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Feasibility The most important outcome of the land policy mix is probably an increase in relative prices of food and other agriculture outputs. Therefore, the policy mix may encounter resistance from three groups of stakeholders including:  



Farmers, whose income may be affected by regulations on pesticides and fertilizers as well as land use; Food companies that will be affected the increase in their main input prices. Also the VAT increase on meat will negatively affect the demand for their products and the suggested food redistribution programs can challenge their business; Consumers, who will have to pay higher prices for food.

Although the protests of farmers and food corporations will be mostly heard, as these groups are well organized, the most important issue to be solved is to ensure that the poorest consumers are not negatively affected by the expected increase in food prices. The policy mix as a whole should be assessed as feasible for introduction, but with some caveats - farmers should be compensated for losses resulting from the change in prices of land and poor consumers should not be negatively affected by increase in the price of food. Equity Although each policy within the policy mix introduced separately should not increase inequalities significantly, the main outcome of the proposed policy mix is an increase in food prices. The poorest households spend the highest share of their income on food. Therefore, they will be most affected by the policy mix, even though the assistance from food banks is directed mostly to them.13 Consequently, the policy mix as a whole may contribute to the increase in income inequalities as real incomes of the poorest will fall relatively more than the rest of the society. To prevent that from happening, other instruments that will counteract this effect such as a decrease in the VAT rate on crops or more intensive social assistance for those most affected, should be implemented. Recommendations and open issues The policy mix as such appears to be consistent and sufficient. However, a few elements should be added to counteract negative effects of the policy mix on farmers’ income and inequalities. Therefore, a few additional issues need to be resolved: 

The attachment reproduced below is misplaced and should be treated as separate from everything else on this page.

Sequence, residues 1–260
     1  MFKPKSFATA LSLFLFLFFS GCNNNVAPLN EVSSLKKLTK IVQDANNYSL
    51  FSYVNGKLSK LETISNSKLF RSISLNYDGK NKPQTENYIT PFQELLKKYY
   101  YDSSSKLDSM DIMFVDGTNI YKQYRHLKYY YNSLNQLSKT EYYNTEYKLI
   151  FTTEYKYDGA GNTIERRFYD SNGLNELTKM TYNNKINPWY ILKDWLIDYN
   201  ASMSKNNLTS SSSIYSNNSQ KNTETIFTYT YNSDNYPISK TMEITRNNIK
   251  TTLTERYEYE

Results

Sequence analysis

First, the negative impact of the increase in food prices should not increase social inequalities. Therefore, some additional policies, such as a VAT decrease on crops or higher social protection should be considered; The second deficiency of the policy mix is a lack of instruments that will compensate farmers for the losses associated with limitations on the farming methods. Although, from a purely theoretical point of view such compensation may be inefficient (because

13

Although it may be argued that the policies are aiming and reduction of food waste, the share of food waste that is now at disposal of food bank is very low and there is a large room for improvement. Therefore, even if the amount of wasted food will decrease, the expansion of food banks system should lead to increase in the size of help that is provided by the food banks.